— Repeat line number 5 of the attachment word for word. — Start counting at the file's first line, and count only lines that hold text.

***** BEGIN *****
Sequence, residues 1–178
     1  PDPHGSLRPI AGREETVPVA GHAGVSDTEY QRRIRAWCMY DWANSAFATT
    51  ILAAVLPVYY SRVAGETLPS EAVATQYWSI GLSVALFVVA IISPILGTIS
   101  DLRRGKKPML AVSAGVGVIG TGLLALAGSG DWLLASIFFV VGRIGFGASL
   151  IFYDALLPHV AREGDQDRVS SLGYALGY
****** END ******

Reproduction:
   151  IFYDALLPHV AREGDQDRVS SLGYALGY